Cooking with the Sun

(Adapted from

Could Humans Live of the Moon?

Use the following link to watch the video “Living on the Moon”

(It is the second video on the page)

If we were to establish a habitat on the moon for research, we would have to bring just about everything we needed with us. The moon has no atmosphere, no weather or climate, and very little resources. All of the things the moon lacks, actually make it the ideal place to collect and use solar energy. The sun will not be blocked by clouds, or scattered by the atmosphere! The only time that the sun wouldn’t be out during a lunar day would be during rare lunar eclipses. If we were able to capture even a small portion of this sunlight, we could use it to power our entire habitat, including that very important device that allows us to cook our food-an oven!!!!

Pre-lab Questions

  1. The moon is not the only place that a solar cooker could come in handy. Describe two situations in which a solar cooker would be useful here on Earth.
  2. What are the 3 mechanisms of heat transfer that we learned about in class? Make sure to define each one.
  3. Explain the role that each mechanism of heat transfer will play in our solar cookers.
  4. What are 3 things that can happen to radiation when it strikes an object? Which do you think is most important in solar cooking?

The Challenge

Your mission is to design and build a solar oven to cook your own S’mores using cardboard and other simple materials.


-It must have a footprint no larger than 40 cm x 40 cm

-It must use one of the Plexiglass sheets provided

-Your food may not touch the oven directly

-You must be able to cook 2 marshmallows at once at two different heights

-You may use any available materials and designs as long as these rules are followed

-Everybody must cook with a 100W lamp at the same distance from the solar cooker.

Background Information

To help you get started, look at this graph and answer the questions below.

Title: The temperature change of 3 solar cookers in 15 minutes

  1. Which line do you think represents the empty box? Why?
  2. Which line do you think represents the box with a black bottom and aluminum foil? Why?
  3. What is the purpose of the black bottom? (Think of your answer to question 4 in the pre-lab)
  4. What is the purpose of the aluminum foil? (Think of your answer to question 4 in the pre-lab)

The Design

  1. Draw a diagram of your design. In your diagram make sure that all materials are labeled, and make sure that you show how you will make your marshmallows not touch the box. Remember that you will need to cook 2 marshmallows at once
  2. Do you think that the height from the bottom of the box will affect the rate that your food cooks? Explain.

Recording your Results

You will be conducting 2 experiments at once, so it is important to have clear and organized data tables prepared before your start. For the first experiment you will be measuring the temperature change inside your box each minute for 10 minutes. Below your answer to question number 10, create a “Results” section. It is in this section that you will create your data tables. Label the first one, Data Table 1 and give it a detailed title. This table will be where you record temperature change each minute. Make sure to think about your data table first. It must look organized!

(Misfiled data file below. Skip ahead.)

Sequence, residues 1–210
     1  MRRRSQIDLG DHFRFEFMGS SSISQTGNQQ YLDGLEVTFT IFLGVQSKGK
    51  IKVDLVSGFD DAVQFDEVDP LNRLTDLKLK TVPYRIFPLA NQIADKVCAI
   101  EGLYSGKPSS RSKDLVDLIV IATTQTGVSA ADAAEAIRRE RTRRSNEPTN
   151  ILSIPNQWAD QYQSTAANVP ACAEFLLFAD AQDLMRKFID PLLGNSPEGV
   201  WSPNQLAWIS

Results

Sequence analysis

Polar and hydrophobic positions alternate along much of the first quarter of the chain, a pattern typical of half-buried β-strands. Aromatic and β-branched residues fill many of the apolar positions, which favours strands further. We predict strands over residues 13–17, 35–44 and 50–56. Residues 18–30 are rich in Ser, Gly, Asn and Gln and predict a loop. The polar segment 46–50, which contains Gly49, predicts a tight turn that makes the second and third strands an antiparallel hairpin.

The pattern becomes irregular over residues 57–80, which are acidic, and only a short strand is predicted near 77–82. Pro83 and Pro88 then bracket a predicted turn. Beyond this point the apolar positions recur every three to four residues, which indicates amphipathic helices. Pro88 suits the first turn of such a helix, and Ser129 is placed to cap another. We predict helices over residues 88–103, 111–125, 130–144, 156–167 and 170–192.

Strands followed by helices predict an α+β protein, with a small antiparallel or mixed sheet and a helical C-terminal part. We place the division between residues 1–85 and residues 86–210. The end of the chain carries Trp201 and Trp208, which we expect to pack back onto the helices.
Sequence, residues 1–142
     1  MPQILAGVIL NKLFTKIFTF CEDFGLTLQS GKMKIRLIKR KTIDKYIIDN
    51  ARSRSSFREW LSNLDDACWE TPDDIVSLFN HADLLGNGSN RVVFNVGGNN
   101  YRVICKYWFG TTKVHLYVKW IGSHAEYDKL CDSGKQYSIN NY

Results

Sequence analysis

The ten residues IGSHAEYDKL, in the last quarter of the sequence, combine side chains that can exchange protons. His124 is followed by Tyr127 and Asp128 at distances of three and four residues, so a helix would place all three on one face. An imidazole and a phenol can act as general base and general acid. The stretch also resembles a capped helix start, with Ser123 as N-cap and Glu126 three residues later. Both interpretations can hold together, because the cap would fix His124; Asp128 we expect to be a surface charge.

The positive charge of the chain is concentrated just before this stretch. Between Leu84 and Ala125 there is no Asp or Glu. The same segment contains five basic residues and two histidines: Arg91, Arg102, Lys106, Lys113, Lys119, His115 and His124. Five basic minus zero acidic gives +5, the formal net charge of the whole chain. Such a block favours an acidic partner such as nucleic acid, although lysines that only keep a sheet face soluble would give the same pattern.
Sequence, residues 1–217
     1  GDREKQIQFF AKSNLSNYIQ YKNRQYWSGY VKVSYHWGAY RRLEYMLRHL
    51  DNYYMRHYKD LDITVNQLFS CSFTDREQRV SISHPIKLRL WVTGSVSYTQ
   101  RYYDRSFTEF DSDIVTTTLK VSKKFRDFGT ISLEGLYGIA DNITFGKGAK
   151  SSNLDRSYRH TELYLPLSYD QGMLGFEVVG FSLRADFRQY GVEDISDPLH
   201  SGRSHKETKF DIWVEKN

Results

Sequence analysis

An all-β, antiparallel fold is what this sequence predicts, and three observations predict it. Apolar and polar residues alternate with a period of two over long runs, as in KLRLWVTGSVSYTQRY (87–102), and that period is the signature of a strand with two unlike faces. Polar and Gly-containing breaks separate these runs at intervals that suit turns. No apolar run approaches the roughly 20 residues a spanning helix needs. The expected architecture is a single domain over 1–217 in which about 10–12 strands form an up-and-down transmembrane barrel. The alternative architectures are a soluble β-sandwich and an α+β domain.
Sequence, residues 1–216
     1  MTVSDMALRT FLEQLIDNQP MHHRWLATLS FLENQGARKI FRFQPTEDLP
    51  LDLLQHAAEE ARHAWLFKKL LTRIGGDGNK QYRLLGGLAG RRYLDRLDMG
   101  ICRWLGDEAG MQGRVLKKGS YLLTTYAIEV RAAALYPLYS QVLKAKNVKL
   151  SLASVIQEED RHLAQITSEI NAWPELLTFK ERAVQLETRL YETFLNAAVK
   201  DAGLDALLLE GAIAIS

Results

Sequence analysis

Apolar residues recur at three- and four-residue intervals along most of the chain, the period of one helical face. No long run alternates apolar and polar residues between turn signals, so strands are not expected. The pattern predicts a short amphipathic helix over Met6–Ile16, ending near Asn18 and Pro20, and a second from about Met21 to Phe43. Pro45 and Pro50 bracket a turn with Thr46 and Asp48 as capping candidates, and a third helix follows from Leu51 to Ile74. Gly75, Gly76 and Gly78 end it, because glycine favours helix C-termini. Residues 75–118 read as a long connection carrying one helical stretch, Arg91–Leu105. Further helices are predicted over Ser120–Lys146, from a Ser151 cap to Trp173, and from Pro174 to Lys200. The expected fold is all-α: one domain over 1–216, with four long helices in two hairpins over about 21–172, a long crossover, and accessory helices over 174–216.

The second experiment that you will be conducting is how the height above the bottom of the solar cooker affects the rate at which food cooks. You may choose any two heights you would like to test, but make sure to record your measurements. Label your next table, Data Table 2 and give it a title as well. In this table you will record observations about each marshmallow. You should record your observations every 2 minutes. These will just be descriptions on what you see, smell, etc. Again, make sure to plan out a data table that neatly displays your information.

The Experiment

Once your data tables are constructed you are ready to begin! Set up your lamp at the agreed upon height, put your marshmallows and thermometer in place, and turn on the lamp! Good Luck, and observe carefully as things will get hot!

Discussion Questions

  1. Draw your solar oven in action. This time you do not need to label the parts. Use 3 different colors to label conduction, convection, and radiation where you think each is happening.
  2. Which heat transfer method do you think is least useful in solar cooking?
  3. What are quantitative observations? In which data table did you record them?
  4. What are qualitative observations? In which data table did you record them?
  5. Create a graph of Data Table 1 that shows how the temperature in your oven changed over time. Make sure it has the 5 things all graphs need!
  6. What 2 heights did you test? Did the height affect the results? Explain.
  7. What were the strengths of your design?
  8. What were the weaknesses of your design?
  9. What would you change about your design next time?
  10. Solar ovens are a great way for impoverished people in developing nations to cook food. If you were going to donate your solar oven to somebody, where in the world would it be the most effective? Where would it make least effective? Use the map below to justify your answer.